Study: Drivers Who Use Their Phones Are More Prone to Risky Behavior Behind the Wheel

By: Mike Springer Email
By: Mike Springer Email

By: Mike Springer
January 26, 2013

Tallahassee, FL-Distracted driving is nothing new.

"Cell phones obviously are a big issue with being distracted, but there's a lot of things that could be a distraction," said driver, Sean Hudson.

" I definitely see people texting and on the phone. They don't even do the speed limit because they're just talking away," said driver, Kellie Rumptz.

But according to a new study conducted by AAA, drivers who use their cell phones when they get behind the wheel are more likely to take on some dangerous driving habits than those who don't .

According to the study, of those who use their cell phones while driving, 65 percent say they also speed, 44 percent say they drove while feeling sleepy and 53 percent say they sent a text or email while driving. Drivers we spoke aren't surprised by the findings.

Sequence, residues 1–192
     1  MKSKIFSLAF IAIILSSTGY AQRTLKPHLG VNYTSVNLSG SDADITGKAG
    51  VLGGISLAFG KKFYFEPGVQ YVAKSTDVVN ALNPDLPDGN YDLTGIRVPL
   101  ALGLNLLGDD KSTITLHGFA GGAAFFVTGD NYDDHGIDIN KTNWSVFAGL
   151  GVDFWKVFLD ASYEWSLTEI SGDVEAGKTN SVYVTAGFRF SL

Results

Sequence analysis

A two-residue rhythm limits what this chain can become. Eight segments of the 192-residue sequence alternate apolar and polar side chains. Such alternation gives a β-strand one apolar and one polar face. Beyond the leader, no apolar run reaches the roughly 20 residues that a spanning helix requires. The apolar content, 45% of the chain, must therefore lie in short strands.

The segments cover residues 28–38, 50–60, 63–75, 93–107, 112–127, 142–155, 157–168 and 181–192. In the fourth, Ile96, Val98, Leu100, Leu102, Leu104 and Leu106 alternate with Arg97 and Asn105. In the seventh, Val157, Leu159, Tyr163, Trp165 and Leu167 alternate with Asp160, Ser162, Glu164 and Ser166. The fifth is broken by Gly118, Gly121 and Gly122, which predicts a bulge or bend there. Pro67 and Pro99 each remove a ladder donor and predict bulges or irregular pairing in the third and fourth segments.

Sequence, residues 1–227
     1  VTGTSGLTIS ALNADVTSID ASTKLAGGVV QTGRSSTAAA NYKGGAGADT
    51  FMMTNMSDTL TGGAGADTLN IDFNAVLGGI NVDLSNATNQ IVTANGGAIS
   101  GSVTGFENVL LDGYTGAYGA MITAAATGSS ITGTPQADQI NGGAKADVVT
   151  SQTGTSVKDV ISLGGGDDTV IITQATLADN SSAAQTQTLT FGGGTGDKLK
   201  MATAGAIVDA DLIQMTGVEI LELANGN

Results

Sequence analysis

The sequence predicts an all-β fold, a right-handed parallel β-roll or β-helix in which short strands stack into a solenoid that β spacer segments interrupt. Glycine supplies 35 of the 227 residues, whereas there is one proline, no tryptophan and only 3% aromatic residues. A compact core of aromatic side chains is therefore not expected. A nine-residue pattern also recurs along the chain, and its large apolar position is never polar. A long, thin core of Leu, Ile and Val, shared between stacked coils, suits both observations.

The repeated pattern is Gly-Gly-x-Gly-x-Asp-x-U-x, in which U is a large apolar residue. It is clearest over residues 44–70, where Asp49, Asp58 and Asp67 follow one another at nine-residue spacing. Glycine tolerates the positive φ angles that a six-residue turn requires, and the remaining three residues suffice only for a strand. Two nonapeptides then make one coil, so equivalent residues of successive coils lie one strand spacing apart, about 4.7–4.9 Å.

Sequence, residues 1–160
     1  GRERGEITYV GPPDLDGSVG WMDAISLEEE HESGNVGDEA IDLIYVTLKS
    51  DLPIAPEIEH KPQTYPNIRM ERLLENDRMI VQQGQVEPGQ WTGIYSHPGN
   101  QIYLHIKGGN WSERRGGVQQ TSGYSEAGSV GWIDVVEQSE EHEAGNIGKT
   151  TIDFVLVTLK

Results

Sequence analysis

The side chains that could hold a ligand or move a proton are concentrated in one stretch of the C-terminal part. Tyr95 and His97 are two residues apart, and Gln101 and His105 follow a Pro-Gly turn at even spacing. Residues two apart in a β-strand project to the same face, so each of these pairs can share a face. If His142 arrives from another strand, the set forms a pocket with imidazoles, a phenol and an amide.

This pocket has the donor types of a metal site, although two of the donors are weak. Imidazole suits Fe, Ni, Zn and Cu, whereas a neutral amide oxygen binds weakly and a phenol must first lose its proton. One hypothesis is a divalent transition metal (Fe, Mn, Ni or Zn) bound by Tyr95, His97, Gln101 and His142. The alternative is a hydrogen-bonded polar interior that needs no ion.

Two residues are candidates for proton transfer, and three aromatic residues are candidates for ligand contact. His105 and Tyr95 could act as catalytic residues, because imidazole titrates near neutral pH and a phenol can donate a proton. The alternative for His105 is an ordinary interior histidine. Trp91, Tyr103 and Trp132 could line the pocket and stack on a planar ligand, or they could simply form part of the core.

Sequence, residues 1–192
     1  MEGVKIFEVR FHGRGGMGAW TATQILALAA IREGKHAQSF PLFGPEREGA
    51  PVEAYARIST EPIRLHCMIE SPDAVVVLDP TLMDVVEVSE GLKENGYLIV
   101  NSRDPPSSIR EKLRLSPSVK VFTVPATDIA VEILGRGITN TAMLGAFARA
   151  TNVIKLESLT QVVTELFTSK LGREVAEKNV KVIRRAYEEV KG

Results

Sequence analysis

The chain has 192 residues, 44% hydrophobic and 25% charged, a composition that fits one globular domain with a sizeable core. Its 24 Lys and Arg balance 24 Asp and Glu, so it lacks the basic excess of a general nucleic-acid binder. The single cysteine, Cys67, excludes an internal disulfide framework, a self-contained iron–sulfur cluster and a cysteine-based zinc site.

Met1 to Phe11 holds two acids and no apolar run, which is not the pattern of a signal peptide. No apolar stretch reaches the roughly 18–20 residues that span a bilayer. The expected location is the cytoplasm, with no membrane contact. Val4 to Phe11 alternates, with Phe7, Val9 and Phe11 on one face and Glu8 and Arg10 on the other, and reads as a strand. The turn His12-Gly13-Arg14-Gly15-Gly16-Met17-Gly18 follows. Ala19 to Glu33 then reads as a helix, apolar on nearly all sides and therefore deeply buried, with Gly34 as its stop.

" It kind of goes along the lines that since they're so use to it, it kind of becomes habitual to them," said Rumptz.

By comparison, those drivers who don't use their phones while driving are significantly less likely to take on some of those dangerous behaviors.

According to the study, only 31 percent of drivers who don't use their phones reported speeding, 14 percent reported driving drowsy and 3 percent reported sending a text or email.

AAA said it surveyed about four thousand U.S. drivers ages 16 and up for the study.


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